I honestly did not expect that. News coverage described the crowd as in the dozens, not the hundreds. Unfortunately, as I’ve been describing before when I lamented the politicization of vaccine mandates such that antivaxers are increasingly co-opting the rhetoric and messaging of the Tea Party to equate school vaccine mandates as tyranny and “vaccine choice” as “freedom,” thus undermining what has until recently been a broad, bipartisan agreement about public health. For example:

For their lobbying day on Thursday, the activists had agreed to wear shades of the American flag: Red if they’d had a loved one injured by vaccines, and white if they were there in solidarity. (They were supposed to wear blue if a loved one had died from a vaccine injury, but STAT didn’t see anyone in the group wearing that color.)

Dressed in a red sweater and seated in a wheelchair, activist Marcella Piper-Terry teared up as she talked about her own chronic pain condition and her young adult daughter’s seizures and Asperger’s syndrome. She believes those injuries stem from vaccines.

What? They couldn’t find a single antivaxer who thought that vaccines killed their child?

As tiny as the group was, we can’t be complacent, as we can’t say that they might not have an effect in the age of Donald Trump:

The day of demonstrations followed an intense lobbying push on Thursday. Activists held 80 meetings on Capitol Hill, many of them with staffers for members of Congress, according to Irene Pi, an organizer from Arizona. Among their goals: Push President Trump to establish a vaccine safety committee led by Kennedy.

“We’re being heard, and we’re going to enact change,” activist Jena Dalpez said.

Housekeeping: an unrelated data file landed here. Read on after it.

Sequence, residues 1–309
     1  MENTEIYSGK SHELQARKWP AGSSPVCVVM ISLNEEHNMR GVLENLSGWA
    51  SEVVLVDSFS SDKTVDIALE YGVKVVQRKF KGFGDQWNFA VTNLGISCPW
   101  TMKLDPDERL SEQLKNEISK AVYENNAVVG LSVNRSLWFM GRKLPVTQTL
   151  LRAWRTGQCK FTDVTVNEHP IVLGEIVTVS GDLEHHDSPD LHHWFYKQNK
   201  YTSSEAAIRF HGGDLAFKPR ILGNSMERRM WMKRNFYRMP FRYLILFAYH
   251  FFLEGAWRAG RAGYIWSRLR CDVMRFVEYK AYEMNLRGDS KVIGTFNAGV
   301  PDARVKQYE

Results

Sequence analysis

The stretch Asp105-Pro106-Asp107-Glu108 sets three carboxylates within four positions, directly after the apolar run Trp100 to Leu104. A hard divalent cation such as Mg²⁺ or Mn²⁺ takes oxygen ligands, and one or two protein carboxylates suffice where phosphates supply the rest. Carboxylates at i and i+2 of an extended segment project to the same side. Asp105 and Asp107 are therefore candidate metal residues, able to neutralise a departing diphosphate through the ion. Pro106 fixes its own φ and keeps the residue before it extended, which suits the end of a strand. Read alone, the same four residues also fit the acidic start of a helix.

Fortunately, that remains to be seen.

Because of the rain, unlike the rally in 2008, the speeches for Revolution for Truth took place indoors as the Washington Press Club, the very same place where a few weeks ago Robert F. Kennedy Jr. issued his ridiculous “thimerosal challenge.” And what a bunch of speeches that this small band of antivaxers and a few reporters sat through, including Rebecca Robbins of STAT News:

Because of the length, I must admit that I didn’t watch all the speeches—or even close. Even a cursory listen told me that it was a lot of the same ol’, same ol’. For instance, Kent Heckenlively’s speech in person was even worse than it was in print in all caps:

Yes, he referred to vaccines (or vaccine scientists; I’m not sure which) as “monstrous” evil and “unbelievable” wickedness. You get the idea. This is what most of the speeches were like.

For instance, here’s Scientology’s the Nation of Islam’s Minister Tony Muhammad:

We’ve met Muhammad before, and his speech here isn’t much different than the speech he gave a year and a half ago at a protest at the CDC. There are a lot of references to “satanic forces” and conspiracies, as you would expect. In fact, as I went back and looked at my old post about that CDC “protest,” it occurred to me that “Revolution for Truth” reminded me, more than anything else, of that CDC protest more than the “Green Our Vaccines” rally.

One thing that I found strange about “Revolution for Truth” is that Andrew Wakefield wasn’t there, even though a lot of people involved in his antivaccine propaganda film VAXXED were there. For instance, here’s one of the parents featured in VAXXED, Sheila Lewis Ealey: